The Summit is more than the ultimate Scout camp. It was envisioned as a way to shore up the finances of an organization burdened by a long-term drop in membership, costly sexual-abuse lawsuits and a bruising battle over whether to admit gay members. The park would bring in even more in donations than it would cost to build, Scout leaders concluded.
“The Summit gives us the opportunity to reintroduce ourselves to America and raise $1 billion for the best youth development in the world,” says a slide from a June 2010 presentation on the project.
But, Reuters reported:
It isn’t panning out that way. Costs are rising. Initially budgeted at $176 million through 2013, the Summit’s cost is now estimated to reach at least $350 million by the end of this year and $439 million by the end of 2015, according to Scouts documents reviewed by Reuters. To keep up, the Scouts issued new bonds last year – more than doubling their previous borrowing for the project.
The Scouts’ efforts to pay for the Summit are off target, too. Internal financial updates show that the Scouts’ national organization, based in Irving, Texas, was $108 million behind its capital-raising goal for the Summit as of the end of March. That was 32 percent shy of its projection of $342.6 million.
Gov. Earl Ray Tomblin welcomes thousands of Boy Scouts to West Virginia. Photo courtesy of the governor’s office.
Reuters reporters Robin Respaut and Brian Grow go on to explain:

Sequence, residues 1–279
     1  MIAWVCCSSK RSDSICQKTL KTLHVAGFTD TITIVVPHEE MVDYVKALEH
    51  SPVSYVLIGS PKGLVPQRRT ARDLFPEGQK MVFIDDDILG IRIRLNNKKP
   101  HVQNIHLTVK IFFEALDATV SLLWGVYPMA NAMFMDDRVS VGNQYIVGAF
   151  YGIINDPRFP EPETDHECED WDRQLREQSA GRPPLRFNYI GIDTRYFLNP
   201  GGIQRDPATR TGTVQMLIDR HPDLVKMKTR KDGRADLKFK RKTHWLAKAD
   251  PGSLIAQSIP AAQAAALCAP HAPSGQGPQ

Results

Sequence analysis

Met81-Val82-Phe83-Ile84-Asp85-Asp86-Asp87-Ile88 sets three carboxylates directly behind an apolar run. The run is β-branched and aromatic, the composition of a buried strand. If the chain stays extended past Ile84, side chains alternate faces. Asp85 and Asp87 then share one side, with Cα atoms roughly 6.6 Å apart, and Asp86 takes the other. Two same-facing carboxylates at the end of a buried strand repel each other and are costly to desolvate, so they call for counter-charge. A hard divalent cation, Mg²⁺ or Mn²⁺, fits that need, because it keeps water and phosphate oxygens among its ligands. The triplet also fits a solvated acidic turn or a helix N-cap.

The Summit shortfall is part of a broader financial crunch facing the Boy Scouts as the organization shrinks. That decline has been exacerbated by the protracted gay-membership battle. A compromise adopted by Scout leaders in May – allow gay youth, but not gay adults – appears to be doing little so far to ease the pressure.
Conservative troops are threatening to secede; one splinter group said this week it is forming a rival to the Scouts. Liberal troops are meanwhile establishing more-inclusive policies. Many corporate donors continue to sit on the sidelines, even as some regional Scout councils face severe deficits, according to Boy Scout executives and council members across the country.
“We cannot support an organization that has a policy that is discriminatory,” said Joanne Dwyer, a spokeswoman for CVS Caremark, which stopped all funding to local Boy Scout councils and the national organization a decade ago. (See related story.)
The bottom line, said Doug White, who teaches nonprofit management at Columbia University, is that the Scouts “have real problems.” The combination of the Summit fundraising slowdown, extra borrowing for the project and the financial impact of the gay-rights controversy “puts them in a very precarious position.”
What do the Boy Scouts have to say about all of this?
The Boy Scouts declined requests to interview chief scout executive Wayne Brock or national president Wayne Perry about the non-profit’s financing. In a statement, the Scouts denied that Summit fundraising is suffering.
“It is inaccurate to review this document and draw a conclusion that fundraising is behind schedule,” said Deron Smith, Boy Scouts spokesman. “Projections are just that, and serve as estimates that are adjusted throughout a project.”
Smith said the estimated $439 million cost of the Summit was “subject to change” and “contingent upon securing donor funding.” As for the May compromise on gay members, Smith said it is still too early to assess the impact on donors.